Freemasons head to the Palm Springs

by Steve Weinstein
Friday Apr 2, 2010

"Why the Freemasons?" asks Jeffrey Sanker, rhetorically. Why a British duo sought after for their melodic and musically rich sound by the biggest names in the music industry to headline the White Party? We’ll let him explain it: "After last year’s 20th anniversary of the party, I wanted to break out of the same mold, take a different angle, get internationally known DJs. Everyone 25 and under kept saying, ’Freemasons! Freemasons! Freemasons!’"

Thusly does Sanker explain a decision that has rocked the Circuit world. By booking the hottest DJs/producers/remixers in the world right now, he has refashioned what defines a major American dance event. The British duo is at the top of their game-and at the top of the dance-music world. Since they burst on the scene with the definitive mash-up-the disco standard "This Time Baby" and Tina Turner’s "When the Heartache Is Over," sung by Amanda Wilson-they have become the go-to guys for every first-name dance diva, from Shakira, Beyonce and Whitney to Heather Headley, Kelly Rowland and Kylie Minogue.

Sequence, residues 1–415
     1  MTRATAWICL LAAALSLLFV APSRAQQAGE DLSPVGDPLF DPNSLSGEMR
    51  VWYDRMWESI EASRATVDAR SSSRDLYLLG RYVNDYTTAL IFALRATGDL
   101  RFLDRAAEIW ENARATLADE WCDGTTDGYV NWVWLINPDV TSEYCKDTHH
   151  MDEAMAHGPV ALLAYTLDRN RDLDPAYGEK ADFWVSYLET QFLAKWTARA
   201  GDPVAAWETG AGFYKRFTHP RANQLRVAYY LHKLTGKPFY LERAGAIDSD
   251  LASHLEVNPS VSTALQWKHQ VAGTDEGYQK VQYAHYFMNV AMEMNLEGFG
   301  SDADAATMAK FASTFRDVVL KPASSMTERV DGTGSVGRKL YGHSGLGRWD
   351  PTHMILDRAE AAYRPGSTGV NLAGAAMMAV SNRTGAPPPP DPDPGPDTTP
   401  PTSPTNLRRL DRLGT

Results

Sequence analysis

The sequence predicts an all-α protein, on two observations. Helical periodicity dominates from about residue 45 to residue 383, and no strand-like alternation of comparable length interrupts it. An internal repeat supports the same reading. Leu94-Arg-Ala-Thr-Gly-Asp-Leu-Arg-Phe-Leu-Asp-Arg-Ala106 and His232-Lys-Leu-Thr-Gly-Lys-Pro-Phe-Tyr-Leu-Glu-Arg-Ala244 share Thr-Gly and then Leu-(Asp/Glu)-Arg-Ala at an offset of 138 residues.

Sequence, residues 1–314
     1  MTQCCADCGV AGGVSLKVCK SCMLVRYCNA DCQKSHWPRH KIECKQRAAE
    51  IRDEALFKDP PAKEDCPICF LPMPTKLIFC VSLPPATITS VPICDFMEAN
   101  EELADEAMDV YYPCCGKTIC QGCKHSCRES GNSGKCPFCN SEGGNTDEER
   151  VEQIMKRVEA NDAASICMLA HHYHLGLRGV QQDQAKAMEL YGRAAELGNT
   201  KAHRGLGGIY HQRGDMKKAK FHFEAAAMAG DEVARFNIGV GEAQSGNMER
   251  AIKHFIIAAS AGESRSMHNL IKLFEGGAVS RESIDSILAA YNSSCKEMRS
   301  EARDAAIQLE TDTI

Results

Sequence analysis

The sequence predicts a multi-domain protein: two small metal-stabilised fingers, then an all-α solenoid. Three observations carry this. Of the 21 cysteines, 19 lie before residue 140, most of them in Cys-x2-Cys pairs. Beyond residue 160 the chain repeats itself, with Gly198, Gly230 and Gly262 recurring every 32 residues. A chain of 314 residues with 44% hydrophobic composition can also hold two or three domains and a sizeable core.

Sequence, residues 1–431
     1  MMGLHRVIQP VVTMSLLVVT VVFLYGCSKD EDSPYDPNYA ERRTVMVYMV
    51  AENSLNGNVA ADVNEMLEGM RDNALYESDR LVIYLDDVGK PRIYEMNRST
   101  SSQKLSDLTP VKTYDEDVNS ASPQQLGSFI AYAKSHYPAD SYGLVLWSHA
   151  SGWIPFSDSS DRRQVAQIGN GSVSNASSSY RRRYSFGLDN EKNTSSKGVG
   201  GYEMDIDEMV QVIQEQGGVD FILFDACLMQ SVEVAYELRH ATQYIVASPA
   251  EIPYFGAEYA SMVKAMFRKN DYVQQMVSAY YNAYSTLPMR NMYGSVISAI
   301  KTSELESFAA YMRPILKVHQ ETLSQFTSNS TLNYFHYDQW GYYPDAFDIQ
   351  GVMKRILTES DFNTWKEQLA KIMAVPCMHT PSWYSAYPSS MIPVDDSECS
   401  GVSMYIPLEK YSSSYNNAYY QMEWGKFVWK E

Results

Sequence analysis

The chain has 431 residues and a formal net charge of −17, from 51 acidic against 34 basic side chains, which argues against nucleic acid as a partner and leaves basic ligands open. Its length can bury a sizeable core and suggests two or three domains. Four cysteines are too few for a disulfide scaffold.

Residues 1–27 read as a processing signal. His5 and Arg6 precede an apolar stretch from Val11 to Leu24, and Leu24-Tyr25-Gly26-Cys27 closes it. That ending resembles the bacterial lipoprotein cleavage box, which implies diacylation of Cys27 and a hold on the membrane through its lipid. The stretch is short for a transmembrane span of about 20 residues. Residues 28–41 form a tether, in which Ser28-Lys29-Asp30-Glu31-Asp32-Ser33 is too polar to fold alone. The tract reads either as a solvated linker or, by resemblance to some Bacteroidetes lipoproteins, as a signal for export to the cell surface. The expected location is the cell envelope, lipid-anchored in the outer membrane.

Love gay parties!

They have also played every big house from Brussels to Melbourne, although they parse out their DJ gigs since it keeps them away from the studio, their real home. So what are these two mainstream DJs doing flying halfway across the world to spin at a Circuit party, even one as big as the White Party? It’s simple: We get their music. And they love us for it.

"It is quite bizarre, two straight guys making music really embraced by the gay community," said James Wiltshire, half of the Freemasons (along with Russell Small) during a recent London interview. "But we’re much more able to play what we’ve created with you guys. You’re much more accepting to vocals." For other gigs, the crowd wants to hear underground sounds, the thump-thump of tribal. That’s not Wiltshire and Small’s style.

"We love playing gay parties!" James says. It’s not only the diva anthems-although that’s a large part of it. "When we walk into a gay party, we can play the music we made. If we’re playing another party, we’ve got to play a lot of underground; but we do want to play what we make."


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